Cancer is a leading global cause of death, and diverse and minority populations suffer worse outcomes compared with white people from Western societies. Within the United States, African Americans and other blacks, Hispanics, Asians, and American Indians have lower cancer survival rates than whites. In the rest of the world, those from low- and middle-income countries have the greatest disparities, but even those from non-Western high-income countries such as Oman and the United Arab Emirates are diagnosed with cancer at later stages and suffer increased mortality. Although considerable differences exist among these populations, similarities and synergies are also apparent. Challenges can be very similar in reaching these populations effectively for cancer control to improve outcomes, and innovative strategies are needed to effectively make change. In this review, the authors discuss new approaches to the prevention and early detection of cancer as well as the implementation of programs in global oncology and put in evidence cultural similarities and challenges of different populations, highlighting strategies to improve cancer survival and quality care around the world through innovations in training and education, empowerment of an alternative workforce, and a diagonal approach to cancer care using case studies drawn from the authors' work and experience.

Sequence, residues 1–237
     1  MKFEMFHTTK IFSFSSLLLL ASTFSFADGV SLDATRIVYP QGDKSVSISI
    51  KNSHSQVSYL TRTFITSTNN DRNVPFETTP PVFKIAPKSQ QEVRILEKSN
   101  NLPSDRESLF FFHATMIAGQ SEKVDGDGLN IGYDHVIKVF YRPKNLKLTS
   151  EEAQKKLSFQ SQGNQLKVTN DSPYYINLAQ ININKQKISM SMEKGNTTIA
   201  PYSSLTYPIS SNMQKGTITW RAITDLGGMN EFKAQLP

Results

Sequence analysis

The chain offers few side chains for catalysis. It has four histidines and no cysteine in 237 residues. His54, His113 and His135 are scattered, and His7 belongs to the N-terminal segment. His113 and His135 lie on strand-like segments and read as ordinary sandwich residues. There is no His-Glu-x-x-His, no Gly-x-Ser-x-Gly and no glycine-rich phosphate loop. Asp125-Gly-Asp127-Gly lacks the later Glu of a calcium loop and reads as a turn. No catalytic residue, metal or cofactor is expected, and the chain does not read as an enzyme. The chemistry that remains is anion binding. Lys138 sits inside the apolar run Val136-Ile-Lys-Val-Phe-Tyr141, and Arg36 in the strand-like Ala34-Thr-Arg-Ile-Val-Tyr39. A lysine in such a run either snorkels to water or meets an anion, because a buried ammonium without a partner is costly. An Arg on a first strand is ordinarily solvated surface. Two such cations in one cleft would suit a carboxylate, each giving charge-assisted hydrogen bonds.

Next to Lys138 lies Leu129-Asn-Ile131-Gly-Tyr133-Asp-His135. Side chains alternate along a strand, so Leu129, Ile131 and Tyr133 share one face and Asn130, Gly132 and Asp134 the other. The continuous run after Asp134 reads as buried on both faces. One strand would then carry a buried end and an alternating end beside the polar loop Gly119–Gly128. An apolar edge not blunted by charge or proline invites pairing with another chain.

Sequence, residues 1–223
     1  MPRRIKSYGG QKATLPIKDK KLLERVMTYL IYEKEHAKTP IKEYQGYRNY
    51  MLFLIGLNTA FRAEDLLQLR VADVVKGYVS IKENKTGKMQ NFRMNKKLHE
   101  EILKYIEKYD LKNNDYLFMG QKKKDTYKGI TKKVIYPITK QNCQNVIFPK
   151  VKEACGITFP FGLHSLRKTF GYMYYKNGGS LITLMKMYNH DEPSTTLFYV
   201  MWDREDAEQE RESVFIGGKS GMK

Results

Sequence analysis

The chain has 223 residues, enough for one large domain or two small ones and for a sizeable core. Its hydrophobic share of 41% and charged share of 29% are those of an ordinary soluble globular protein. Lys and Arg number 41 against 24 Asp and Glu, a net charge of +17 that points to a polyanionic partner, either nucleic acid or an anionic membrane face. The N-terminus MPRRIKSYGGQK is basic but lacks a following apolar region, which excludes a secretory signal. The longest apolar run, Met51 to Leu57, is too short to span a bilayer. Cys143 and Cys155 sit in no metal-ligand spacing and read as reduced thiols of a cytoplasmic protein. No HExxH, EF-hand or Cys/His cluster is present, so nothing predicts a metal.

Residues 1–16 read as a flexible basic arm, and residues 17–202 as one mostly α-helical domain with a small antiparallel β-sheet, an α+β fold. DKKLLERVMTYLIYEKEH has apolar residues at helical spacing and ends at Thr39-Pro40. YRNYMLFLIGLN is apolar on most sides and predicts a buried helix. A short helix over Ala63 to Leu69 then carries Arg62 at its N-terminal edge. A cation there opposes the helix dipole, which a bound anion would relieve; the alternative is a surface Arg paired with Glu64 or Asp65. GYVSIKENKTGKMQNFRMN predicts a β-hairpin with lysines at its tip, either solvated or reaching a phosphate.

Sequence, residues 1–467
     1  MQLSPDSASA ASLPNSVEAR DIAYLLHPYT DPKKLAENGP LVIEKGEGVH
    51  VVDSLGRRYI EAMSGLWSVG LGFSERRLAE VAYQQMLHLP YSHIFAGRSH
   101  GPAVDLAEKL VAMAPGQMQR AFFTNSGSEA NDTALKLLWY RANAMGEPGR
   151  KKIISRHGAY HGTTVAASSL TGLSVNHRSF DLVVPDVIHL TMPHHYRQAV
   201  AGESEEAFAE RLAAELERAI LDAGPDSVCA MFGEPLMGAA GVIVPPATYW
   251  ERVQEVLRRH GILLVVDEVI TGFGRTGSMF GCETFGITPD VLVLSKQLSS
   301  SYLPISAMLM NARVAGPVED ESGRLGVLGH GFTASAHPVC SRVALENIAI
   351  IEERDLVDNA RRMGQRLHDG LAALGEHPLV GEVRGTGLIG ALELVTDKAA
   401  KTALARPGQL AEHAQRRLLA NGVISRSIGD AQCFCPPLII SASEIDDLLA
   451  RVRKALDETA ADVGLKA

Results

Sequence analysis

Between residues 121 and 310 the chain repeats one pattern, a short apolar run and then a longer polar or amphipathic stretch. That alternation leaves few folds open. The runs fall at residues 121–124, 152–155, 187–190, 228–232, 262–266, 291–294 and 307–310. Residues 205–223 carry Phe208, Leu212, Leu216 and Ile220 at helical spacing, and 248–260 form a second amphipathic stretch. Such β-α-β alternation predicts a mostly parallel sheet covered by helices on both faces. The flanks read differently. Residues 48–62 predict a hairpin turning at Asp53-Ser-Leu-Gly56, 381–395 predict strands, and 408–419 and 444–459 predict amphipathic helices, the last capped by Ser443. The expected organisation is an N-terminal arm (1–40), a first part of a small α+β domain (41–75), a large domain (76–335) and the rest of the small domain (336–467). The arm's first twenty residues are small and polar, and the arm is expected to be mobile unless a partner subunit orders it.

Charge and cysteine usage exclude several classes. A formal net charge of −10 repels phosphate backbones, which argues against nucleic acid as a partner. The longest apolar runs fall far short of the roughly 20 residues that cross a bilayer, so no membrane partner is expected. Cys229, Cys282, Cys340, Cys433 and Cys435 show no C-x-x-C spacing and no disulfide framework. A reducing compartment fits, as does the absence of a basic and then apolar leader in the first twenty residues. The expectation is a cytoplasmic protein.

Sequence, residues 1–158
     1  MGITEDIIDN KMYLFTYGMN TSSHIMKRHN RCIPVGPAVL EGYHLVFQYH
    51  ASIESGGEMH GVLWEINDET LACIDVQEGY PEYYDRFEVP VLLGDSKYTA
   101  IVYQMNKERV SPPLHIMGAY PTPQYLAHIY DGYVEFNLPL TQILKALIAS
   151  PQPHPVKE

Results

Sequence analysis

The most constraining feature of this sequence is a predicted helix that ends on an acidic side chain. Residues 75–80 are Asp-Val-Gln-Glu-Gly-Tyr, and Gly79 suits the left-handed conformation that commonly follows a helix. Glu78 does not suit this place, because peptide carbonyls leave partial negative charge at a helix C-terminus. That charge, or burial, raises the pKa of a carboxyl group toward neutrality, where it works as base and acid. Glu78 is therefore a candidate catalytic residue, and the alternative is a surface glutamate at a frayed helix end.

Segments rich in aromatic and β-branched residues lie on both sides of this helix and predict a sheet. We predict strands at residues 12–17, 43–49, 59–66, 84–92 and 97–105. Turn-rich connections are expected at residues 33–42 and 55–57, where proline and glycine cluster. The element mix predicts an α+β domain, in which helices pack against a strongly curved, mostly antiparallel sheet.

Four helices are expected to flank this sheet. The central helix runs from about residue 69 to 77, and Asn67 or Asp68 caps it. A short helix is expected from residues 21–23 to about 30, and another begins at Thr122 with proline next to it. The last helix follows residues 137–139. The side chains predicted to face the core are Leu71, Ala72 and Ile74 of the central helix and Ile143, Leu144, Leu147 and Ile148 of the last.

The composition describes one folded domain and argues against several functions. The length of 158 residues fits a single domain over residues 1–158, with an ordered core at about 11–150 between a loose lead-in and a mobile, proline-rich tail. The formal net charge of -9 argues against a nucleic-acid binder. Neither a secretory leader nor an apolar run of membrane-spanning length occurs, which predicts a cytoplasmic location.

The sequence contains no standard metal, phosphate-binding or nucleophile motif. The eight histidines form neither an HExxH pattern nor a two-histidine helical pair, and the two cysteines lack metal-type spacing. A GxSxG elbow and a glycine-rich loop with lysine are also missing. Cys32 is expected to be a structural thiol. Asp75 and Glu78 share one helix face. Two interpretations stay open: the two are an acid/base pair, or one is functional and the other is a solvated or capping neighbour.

|Original language||English (US)|
|Number of pages||10|
|Journal||American Society of Clinical Oncology educational book. American Society of Clinical Oncology. Annual Meeting|
|State||Published - Jan 1 2017|
ASJC Scopus subject areas